Fisk has been called a Method-style production designer for his fidelity to authenticity, often building period sets with period-appropriate tools.

“I sort of approach these films like I’m making a documentary in a way,” Fisk says.

An obsessive researcher, Fisk dug into the methods that Jamestown was constructed with in the early 17th century. That led him to be dubious of some depictions of a more polished Jamestown with smooth-cut planks. Fisk suspected something grubbier. And sometimes — like in Fisk’s selection of a saw pit location — his deductions were proven right by the simultaneous research of archeologist Bill Kelso, who directed the Jamestown Rediscovery Project.

“He came back to set and he said, ‘I found evidence of a saw pit in almost the exact same location at Jamestown,” Fisk says. “So we knew we were on the right track. A lot of history is common sense and people doing stuff as efficiently as possible. A lot of my work is doing a lot of research and kind of leaving it and working from your gut.”


Fisk has compared the work of a production designer to be a little like playing God, and a little like being a kid. For Anderson’s 2007 mad epic, he walked ranches around Marfa, Texas, before deciding on the knoll where the 90-foot oil derrick would go. For a film where commerce and religion clash with a common frenzy, the church went on an opposing hillside.

“I love it when you’re on foot with a director-writer and the story starts to visualize for him,” Fisk says. “We suddenly know how many steps it is to get to the church from the derrick. It starts to become real.”

An inherent part of production design for Fisk is building in service of the characters. He first connected with Spacek on Malick’s “Badlands” after he had sensitively filled drawers on set with knickknacks that related to Spacek’s character.

“Daniel-Day Lewis, as he found wardrobe things he liked, he wore them always. He found a hat in ‘There Will Be Blood’ and he just wore it,” Fisk says. “He asked us to make him a room behind his house in Marfa that had nothing but the furnishings from the period so he could go in there and just zone out into the time zone.”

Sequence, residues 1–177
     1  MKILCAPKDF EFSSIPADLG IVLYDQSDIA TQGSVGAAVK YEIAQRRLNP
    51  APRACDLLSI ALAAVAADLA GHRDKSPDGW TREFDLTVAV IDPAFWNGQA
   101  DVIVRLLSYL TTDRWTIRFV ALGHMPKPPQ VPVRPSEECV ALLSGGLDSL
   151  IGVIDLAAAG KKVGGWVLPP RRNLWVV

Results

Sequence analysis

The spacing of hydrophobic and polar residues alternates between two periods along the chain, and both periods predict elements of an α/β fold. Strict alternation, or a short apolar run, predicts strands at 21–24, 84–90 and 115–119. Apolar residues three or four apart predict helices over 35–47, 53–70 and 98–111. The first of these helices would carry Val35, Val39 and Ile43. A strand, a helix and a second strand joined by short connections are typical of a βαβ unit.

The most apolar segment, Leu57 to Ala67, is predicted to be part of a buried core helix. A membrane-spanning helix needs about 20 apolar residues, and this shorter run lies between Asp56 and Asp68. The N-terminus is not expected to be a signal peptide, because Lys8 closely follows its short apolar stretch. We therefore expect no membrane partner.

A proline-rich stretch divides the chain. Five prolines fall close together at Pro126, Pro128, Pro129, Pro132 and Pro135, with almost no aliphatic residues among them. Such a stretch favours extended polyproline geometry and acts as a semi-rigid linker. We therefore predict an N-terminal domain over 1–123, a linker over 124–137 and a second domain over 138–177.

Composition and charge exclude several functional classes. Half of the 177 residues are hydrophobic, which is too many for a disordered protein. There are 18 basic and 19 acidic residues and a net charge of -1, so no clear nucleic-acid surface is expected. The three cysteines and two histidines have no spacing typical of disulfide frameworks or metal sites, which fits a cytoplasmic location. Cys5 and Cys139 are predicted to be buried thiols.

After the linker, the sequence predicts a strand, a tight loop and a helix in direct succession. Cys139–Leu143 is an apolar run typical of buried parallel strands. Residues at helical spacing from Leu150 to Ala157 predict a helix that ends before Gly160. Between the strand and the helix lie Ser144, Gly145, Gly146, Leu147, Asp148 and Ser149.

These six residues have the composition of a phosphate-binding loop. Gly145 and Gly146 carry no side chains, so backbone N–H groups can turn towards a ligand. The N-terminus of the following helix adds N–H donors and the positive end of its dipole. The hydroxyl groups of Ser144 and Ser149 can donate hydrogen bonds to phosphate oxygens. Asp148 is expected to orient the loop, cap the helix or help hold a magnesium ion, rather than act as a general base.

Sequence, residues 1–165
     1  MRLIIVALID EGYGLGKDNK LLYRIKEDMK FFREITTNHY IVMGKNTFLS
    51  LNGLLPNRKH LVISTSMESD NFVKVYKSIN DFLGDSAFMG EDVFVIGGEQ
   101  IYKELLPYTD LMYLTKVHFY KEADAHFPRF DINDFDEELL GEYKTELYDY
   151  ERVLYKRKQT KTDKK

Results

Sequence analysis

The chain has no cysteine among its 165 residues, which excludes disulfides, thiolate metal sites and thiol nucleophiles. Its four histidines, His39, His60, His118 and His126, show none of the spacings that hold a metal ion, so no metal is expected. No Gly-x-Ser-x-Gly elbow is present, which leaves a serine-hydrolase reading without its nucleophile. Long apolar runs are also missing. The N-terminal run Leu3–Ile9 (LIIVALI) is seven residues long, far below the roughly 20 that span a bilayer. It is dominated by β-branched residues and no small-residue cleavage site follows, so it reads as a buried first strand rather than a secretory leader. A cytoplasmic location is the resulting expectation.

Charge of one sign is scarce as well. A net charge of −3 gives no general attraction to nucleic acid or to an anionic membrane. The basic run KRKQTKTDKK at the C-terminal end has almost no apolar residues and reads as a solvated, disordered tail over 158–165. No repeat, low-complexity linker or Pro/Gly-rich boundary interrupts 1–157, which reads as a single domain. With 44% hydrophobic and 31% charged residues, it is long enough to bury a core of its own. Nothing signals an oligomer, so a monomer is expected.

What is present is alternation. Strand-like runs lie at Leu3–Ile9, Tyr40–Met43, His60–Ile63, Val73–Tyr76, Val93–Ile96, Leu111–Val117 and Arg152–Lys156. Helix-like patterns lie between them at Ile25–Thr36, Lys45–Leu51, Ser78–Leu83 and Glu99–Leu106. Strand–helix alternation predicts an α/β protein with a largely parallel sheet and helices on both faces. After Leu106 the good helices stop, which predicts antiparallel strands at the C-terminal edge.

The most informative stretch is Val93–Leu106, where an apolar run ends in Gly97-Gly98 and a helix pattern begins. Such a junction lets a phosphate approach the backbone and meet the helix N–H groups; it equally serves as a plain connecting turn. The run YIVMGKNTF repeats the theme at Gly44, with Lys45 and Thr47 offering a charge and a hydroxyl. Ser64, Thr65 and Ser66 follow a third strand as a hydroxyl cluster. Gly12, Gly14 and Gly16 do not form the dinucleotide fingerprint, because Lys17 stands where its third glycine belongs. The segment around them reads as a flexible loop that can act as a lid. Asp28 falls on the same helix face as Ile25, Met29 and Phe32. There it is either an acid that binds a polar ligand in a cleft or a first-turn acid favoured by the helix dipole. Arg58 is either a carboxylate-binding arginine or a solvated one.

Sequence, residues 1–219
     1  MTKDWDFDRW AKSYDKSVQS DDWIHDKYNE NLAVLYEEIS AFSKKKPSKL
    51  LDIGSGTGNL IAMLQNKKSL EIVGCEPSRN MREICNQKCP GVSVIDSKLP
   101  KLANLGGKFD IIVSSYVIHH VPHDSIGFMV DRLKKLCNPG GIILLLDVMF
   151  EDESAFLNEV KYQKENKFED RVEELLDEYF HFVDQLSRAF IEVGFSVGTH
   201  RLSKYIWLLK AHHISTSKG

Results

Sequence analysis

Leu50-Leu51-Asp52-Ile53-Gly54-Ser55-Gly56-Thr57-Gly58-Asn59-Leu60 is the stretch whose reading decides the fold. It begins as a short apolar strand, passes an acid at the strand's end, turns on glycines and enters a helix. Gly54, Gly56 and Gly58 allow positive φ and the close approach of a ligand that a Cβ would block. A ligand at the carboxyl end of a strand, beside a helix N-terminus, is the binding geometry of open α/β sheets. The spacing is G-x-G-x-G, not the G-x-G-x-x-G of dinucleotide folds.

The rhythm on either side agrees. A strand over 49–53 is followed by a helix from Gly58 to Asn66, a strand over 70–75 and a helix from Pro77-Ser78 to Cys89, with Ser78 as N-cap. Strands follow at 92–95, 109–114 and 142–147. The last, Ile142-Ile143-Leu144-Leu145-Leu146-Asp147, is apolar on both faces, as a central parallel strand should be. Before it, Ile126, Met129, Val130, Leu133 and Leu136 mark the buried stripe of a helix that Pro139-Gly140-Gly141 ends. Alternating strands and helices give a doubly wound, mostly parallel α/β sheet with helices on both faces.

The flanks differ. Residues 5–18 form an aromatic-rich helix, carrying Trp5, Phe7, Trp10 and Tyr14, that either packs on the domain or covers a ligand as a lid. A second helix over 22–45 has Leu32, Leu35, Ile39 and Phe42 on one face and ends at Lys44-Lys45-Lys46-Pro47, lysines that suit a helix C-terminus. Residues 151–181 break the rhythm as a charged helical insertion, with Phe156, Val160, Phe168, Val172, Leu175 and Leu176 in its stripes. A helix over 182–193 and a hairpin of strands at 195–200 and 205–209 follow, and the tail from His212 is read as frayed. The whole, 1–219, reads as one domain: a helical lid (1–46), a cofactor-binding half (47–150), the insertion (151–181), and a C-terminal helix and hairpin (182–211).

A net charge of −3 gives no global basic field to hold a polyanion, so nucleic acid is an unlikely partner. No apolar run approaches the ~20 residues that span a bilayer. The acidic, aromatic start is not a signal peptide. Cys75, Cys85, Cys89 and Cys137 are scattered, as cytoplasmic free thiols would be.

Fisk didn’t need to build any of the homes for Malick’s 2011 cosmic coming-of-age drama, based loosely on the director’s own childhood memories growing up in ‘50s Texas. He located a community of the right kind of period homes in Smithville, about 40 miles southeast of Austin.

“I added windows and skylights for lighting purposes. But they were houses that existed,” Fisk says. “I blocked off about five square blocks of houses and took out air conditioning units and metal sheds and put up fences to cover things that weren’t right so that Terry could walk into that five-acre backlot and shoot pretty much anything.”

One dramatic exception: the giant live oak tree that Fisk brought in. Malick hadn’t requested it. “But it seemed important — you know, ‘Tree of Life’ — that there was a tree in his yard,” says Fisk. He found one on a ranch outside of town. Then came the stressful and complicated job of moving it — all while, Fisk remembers, Malick, kept a nervous distance, fearful that a movie titled “Tree of Life” would fell a great oak.

“The highway department in Texas shut down a freeway so we could drive on the wrong side of a freeway to avoid a bridge,” recalls Fisk. “Then when we got into town, the phone company and the cable TV company and the power company all sent crews out. They would cut the lines, we’d send the tree through and there’d be another crew putting them back up. People would be out in their yards in lawn chairs watching this two-mile-an-hour parade going by.”


Recreating Fairfax wasn’t Fisk’s greatest challenge on his first film with Scorsese. There were photographs from the time period and plenty of historical documents. (One personal tweak he made, though, was housing a pool hall and barbershop in one location, as he remembered from growing up in the Midwest.)

More complicated was tracing the home of Mollie Burkhart (Lily Gladstone). Old court documents suggested she hadn’t owned her home but lived with her mother, Lizzie. That led him to a possibility on the Osage reservation that Fisk took as inspiration but extended with a second floor and a wrap-around porch. Again, he built it in full, with a few holes carved out for places Scorsese wanted to put a camera.

“I love building houses like we did in Marty’s film out in the open,” Fisk says. “They’re in the house. They walk outside on the steps. The weather affects them. If there’s rain they can hear it. They know to get any breeze you’ve got to open a window.”

“When you look out in 360 degrees, you’re not seeing anything that pulls you out of that period,” he adds. “In those houses, we built them so far out into the prairie that we had to build roads to get into them. The only thing that would tell you that you’re not in the period is the camera equipment.”

Watching “Killers of the Flower Moon” again, it’s striking how much of the film lives in and around Mollie’s home. Her house wasn’t flimsy, either. It had to last through bad weather and a lengthy production.

“The sets on that film were built to last the entire shoot,” Fisk says. “They were built strong because we were in a hurricane alley and had to build to withstand strong winds. It just made it doubly fun to build it like a real house.”

Follow AP Film Writer Jake Coyle at: http://twitter.com/jakecoyleAP

For more on this year’s Oscars, visit: https://apnews.com/hub/academy-awards